Monday, March 07, 2011

Class Writing Prompt Gets Personal -- Warning: This Ends with an Obituary

Today I subbed for my friend Beth. I met with her Writing 115 class and started by reading them "The Masked Marvel's Last Toe-hold" by Richard Selzer.

It's a narrative essay depicting Dr. Richard Selzer's experience of amputating former wrestler Elihu Koontz's legs. It's an excellent story of power and the loss or exchange of it, of shifted roles, of love and compassion. It's one of my favorite essays ever and Beth's students analyzed it beautifully.

They analyzed for structure, use of details, language, repetition, and thesis.

Then I asked them to write. I asked them to take risks they might not usually take, but were inspired to by Selzer's piece. I asked them to think about their details, possible repetitions, the use of memories. Here's what we came up with as a prompt: Describe someone you knew in their prime and where they are now.

After 20 minutes of writing, here are some of the essay topics students wrote about:

*One man wrote about the uncle he adored throughout childhood. He wrote of following his uncle around as he fixed cars, played guitar, drew cartoons. He wrote of how his uncle joined the Air Force and came back in his uniform. The writer was a teenager by then, but still followed him around admiring every aspect of him. Then his uncle was diagnosed with cancer and ultimately succumbed to it. This writer tried not to show emotion as he shared his writing, but his words showed it. When he finished, he told me he'd be saving that piece of writing, as he's never written it out before.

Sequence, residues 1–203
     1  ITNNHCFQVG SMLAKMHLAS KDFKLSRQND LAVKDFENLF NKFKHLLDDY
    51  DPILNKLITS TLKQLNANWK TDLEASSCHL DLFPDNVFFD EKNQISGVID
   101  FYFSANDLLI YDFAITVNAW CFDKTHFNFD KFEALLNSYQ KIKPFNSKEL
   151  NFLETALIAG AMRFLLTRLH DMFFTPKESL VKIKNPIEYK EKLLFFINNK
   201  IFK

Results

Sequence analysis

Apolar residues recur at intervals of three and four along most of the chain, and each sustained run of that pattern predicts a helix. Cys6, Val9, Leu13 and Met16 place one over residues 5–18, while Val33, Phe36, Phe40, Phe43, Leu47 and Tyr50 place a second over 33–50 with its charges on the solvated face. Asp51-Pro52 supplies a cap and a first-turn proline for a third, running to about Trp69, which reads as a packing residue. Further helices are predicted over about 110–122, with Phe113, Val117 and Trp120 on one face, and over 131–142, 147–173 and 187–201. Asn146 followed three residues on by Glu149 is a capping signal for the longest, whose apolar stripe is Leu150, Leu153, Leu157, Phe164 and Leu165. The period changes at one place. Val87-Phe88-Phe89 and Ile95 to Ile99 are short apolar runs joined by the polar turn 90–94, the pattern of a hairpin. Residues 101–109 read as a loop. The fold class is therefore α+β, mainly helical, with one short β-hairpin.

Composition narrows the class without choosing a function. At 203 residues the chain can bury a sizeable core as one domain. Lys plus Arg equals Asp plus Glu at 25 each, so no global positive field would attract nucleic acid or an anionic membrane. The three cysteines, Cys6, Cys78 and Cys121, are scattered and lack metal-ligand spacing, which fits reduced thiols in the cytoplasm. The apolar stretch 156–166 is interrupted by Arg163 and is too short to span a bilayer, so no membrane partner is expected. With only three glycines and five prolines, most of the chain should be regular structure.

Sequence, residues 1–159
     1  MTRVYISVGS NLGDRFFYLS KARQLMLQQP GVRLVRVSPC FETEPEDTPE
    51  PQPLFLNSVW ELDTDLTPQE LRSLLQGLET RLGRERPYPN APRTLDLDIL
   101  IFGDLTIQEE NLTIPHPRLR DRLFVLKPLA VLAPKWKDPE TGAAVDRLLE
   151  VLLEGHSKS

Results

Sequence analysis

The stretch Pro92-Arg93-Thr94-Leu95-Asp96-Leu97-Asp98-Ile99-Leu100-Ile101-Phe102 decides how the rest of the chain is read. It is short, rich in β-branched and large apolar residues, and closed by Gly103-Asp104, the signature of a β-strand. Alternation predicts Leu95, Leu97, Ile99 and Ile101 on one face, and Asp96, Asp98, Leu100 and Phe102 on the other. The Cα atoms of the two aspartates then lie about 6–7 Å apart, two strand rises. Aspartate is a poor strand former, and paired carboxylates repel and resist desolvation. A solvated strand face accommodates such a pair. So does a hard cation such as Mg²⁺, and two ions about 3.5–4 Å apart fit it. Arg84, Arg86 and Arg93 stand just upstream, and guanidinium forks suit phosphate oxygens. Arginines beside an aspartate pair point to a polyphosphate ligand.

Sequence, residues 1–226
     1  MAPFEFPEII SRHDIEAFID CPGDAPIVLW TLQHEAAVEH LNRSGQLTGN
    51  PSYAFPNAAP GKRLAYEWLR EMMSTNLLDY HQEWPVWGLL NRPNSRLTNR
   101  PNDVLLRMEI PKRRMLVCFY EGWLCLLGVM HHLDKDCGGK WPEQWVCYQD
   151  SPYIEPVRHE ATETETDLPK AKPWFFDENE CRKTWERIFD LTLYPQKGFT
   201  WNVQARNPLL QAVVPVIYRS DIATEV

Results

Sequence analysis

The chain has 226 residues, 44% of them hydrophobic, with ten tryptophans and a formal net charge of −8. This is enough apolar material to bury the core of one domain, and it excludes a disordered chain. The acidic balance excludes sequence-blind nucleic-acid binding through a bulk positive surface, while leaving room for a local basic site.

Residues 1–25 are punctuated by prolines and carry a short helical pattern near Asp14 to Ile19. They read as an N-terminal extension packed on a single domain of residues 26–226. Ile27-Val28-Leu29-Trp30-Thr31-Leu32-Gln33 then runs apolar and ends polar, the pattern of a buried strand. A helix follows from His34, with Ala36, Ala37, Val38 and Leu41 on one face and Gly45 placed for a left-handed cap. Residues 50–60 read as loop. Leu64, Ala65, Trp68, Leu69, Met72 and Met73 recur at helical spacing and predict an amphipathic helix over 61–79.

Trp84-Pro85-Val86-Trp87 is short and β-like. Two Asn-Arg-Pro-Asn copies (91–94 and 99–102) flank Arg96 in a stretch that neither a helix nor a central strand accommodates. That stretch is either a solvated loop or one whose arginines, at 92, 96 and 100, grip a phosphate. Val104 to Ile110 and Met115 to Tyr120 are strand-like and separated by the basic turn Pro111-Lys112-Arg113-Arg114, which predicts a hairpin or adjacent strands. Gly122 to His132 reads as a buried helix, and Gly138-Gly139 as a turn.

*Another writer took another approach. She wrote about "The High School Slut," which we all laughed about. However, what she wrote was poignant. She wrote that this girl had had two babies in high school, one at 15 and one at 17. A medical emergency led to the removal of her uterus at age 20, though, and the "slut" realized she never would have had those children had she not had babies in her teens. She became grateful. In turn, she's now a grandmother of 12 and is a happy, solid family woman, and is one of the writer's dearest friends.

Those are just a couple examples.

I love how good writing inspires us to go deep, to push ourselves beyond what we would normally sit down to focus on in writing.

I wrote along with them. I didn't know this prompt was going to lead me to write about this, but it did. It's rough; it could use better details and imagery; it could show more and tell less. But I'll share it anyway. It makes me quite sad.


My friend Kevin S. killed himself last week. This has brought me great sadness.

In high school, Kevin was this vibrant, chatty, smiling, busy person. He used to ski with his pals and tease my friend Tracy that she was the only skier he knew who wore perfume and hair spray on the slopes. He also used to hug everybody. In fact, every time he came over to my house, my step-dad would say, "Why's that guy always hugging you?" We used to laugh about this, but the truth was it was fabulous to get hugs from Kevin. There was no threatening undercurrent of a sexual come-on. Really, it was just that Kevin had a lot of love to share and his hugs meant he really liked you. I don't think it got any simpler than that.

After high school, Kevin went on to college at WWU as did a lot of his high school friends. There, he kept close tabs on all his friends, bicycling, skiing, going to the movies, arranging crazy group events like In-N-Out runs to California or U2 concerts in Canada. He even drummed up The Rosebud Society, a weekly poetry-reading event by candlelight on his living room floor.

After Kevin and all his friends eventually graduated from college, he continued to live an interesting life. He bicycled across America. He took a long-awaited trip to Ireland with his mother, who was in the early stages of Alzheimer's. He got a job as a high school math teacher.